Facebook violated Canadian privacy laws, refused to take responsibility and even tried to propose "alternative commitments" that would fail to bring them into compliance, according to a year-long investigation by the federal and B.C. privacy commissioners.

The Privacy Commissioner of Canada and the Information and Privacy Commissioner for British Columbia say they plan to go to court as a result.

The commissioners released the results of their probe Thursday into whether Facebook violated the Personal Information Protection and Electronic Documents Act (PIPEDA) and B.C.'s Personal Information Protection Act (PIPA). The investigation was launched as a result of a complaint by NDP MP Charlie Angus.

It followed the data scandal tied to Cambridge Analytica, a now-defunct British firm founded by Stephen Bannon, former chief strategist for U.S. President Donald Trump, and billionaire Republican donor Robert Mercer.

Cambridge Analytica used data that had been gathered from users who had downloaded a personality quiz application, and the Facebook contacts of these users, in order to build psychological profiles with the aim of helping Trump's 2016 presidential campaign. Over 622,000 Canadians out of 87 million users globally were affected by the technique.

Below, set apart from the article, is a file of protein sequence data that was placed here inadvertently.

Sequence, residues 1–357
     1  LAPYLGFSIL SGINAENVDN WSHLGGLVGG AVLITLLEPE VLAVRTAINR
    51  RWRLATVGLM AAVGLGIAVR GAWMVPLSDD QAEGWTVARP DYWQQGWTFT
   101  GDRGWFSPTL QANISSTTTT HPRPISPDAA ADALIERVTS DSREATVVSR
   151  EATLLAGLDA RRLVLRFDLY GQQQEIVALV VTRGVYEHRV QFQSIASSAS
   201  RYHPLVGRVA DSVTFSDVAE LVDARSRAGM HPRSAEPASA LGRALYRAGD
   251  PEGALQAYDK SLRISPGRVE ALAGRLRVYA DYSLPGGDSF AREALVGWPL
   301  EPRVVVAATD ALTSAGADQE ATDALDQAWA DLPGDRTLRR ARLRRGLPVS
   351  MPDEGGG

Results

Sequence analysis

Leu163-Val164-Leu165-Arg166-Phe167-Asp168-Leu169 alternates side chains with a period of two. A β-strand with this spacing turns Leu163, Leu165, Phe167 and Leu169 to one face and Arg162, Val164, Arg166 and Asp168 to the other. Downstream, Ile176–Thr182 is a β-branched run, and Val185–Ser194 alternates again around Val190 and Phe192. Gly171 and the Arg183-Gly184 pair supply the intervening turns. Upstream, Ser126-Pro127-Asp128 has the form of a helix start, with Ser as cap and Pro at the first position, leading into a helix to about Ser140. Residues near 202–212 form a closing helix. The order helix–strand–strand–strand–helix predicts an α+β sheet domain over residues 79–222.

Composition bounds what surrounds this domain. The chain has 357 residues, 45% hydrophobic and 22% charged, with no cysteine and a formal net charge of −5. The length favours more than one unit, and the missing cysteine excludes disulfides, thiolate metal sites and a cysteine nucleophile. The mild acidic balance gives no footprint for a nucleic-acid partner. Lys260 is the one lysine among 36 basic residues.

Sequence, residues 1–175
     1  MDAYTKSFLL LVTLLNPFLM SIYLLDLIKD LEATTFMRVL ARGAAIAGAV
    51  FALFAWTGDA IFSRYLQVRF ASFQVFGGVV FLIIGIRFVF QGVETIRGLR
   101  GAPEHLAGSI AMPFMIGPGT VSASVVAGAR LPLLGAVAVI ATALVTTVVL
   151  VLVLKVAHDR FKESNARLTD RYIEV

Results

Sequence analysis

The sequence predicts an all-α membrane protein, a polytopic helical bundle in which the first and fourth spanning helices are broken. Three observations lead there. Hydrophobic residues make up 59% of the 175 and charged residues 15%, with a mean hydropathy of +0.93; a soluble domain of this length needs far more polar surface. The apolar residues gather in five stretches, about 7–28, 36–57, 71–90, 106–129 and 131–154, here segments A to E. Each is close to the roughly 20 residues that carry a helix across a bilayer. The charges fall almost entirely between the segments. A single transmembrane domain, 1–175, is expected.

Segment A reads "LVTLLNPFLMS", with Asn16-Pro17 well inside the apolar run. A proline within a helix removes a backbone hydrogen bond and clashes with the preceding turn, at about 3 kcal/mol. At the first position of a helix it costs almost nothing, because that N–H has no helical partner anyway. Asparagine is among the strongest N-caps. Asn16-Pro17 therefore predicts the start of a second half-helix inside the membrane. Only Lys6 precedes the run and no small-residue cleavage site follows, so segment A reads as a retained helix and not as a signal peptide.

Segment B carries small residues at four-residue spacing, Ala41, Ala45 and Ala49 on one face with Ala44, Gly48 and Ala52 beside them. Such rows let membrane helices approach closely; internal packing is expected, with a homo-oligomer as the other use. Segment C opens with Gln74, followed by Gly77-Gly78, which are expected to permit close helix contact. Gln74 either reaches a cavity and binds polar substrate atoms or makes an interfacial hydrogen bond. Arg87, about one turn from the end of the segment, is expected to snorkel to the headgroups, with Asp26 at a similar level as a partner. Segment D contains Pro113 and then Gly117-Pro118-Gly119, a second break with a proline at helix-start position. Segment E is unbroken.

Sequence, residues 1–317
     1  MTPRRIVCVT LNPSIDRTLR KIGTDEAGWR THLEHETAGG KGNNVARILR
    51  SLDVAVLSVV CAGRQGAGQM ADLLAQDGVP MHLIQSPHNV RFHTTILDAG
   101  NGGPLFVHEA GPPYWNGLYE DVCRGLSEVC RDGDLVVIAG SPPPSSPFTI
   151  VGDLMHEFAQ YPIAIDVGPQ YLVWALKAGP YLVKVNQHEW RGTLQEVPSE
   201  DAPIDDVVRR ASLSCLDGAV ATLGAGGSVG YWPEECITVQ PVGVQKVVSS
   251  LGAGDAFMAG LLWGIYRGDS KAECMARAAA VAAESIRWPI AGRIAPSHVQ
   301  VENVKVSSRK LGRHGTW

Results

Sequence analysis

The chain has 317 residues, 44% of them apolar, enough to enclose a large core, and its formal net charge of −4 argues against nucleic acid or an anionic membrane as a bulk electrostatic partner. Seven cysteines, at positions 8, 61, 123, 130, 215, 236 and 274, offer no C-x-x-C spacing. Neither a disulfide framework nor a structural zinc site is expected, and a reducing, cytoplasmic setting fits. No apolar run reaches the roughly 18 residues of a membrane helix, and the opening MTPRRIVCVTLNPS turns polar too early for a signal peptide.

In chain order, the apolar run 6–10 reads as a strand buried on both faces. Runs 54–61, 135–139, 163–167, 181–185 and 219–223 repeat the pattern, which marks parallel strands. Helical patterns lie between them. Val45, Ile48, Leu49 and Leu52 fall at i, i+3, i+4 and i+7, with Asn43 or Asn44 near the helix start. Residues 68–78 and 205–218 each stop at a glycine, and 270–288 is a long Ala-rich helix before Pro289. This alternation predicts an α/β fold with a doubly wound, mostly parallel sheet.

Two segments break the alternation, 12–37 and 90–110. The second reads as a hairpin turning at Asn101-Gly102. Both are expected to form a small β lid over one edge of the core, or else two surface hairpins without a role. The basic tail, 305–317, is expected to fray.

“Facebook’s refusal to act responsibly is deeply troubling given the vast amount of sensitive personal information users have entrusted to this company,” Privacy Commissioner of Canada Daniel Therrien said in a statement. “Their privacy framework was empty, and their vague terms were so elastic that they were not meaningful for privacy protection."

The law doesn’t give Canada's commissioner the power to impose any penalties, but it gives complainants the power to apply to federal court for a hearing as a result of commissioner reports. The court can then order an organization to “correct its practices” to comply with the law, and award damages.

Angus said in a statement Thursday he is consenting to court action.

The findings by Therrien and B.C. commissioner Michael McEvoy follow a report in December 2018 by the House of Commons ethics committee, which had carried out its own investigation into Facebook and Cambridge Analytica. The committee warned about "the threat to democracy in the era of disinformation and data monopolies" and said the privacy commissioner's office should be beefed up and PIPEDA amended to include political parties and data portability.

That committee also explored reports tying Canadian political consultancy AggregateIQ to the parent company of Cambridge Analytica, and to the campaign in the U.K. to leave the European Union. The U.K. Electoral Commission's investigation into Brexit referendum spending found Vote Leave broke the law in that country by sending money to AggregateIQ to use for political advertising on Facebook by working with BeLeave, another Brexit campaign.

Facebook banned the firm from its platform last year saying it may have improperly received user data. McEvoy said the commissioners were still working on that investigation and expected the results to be released "later this spring."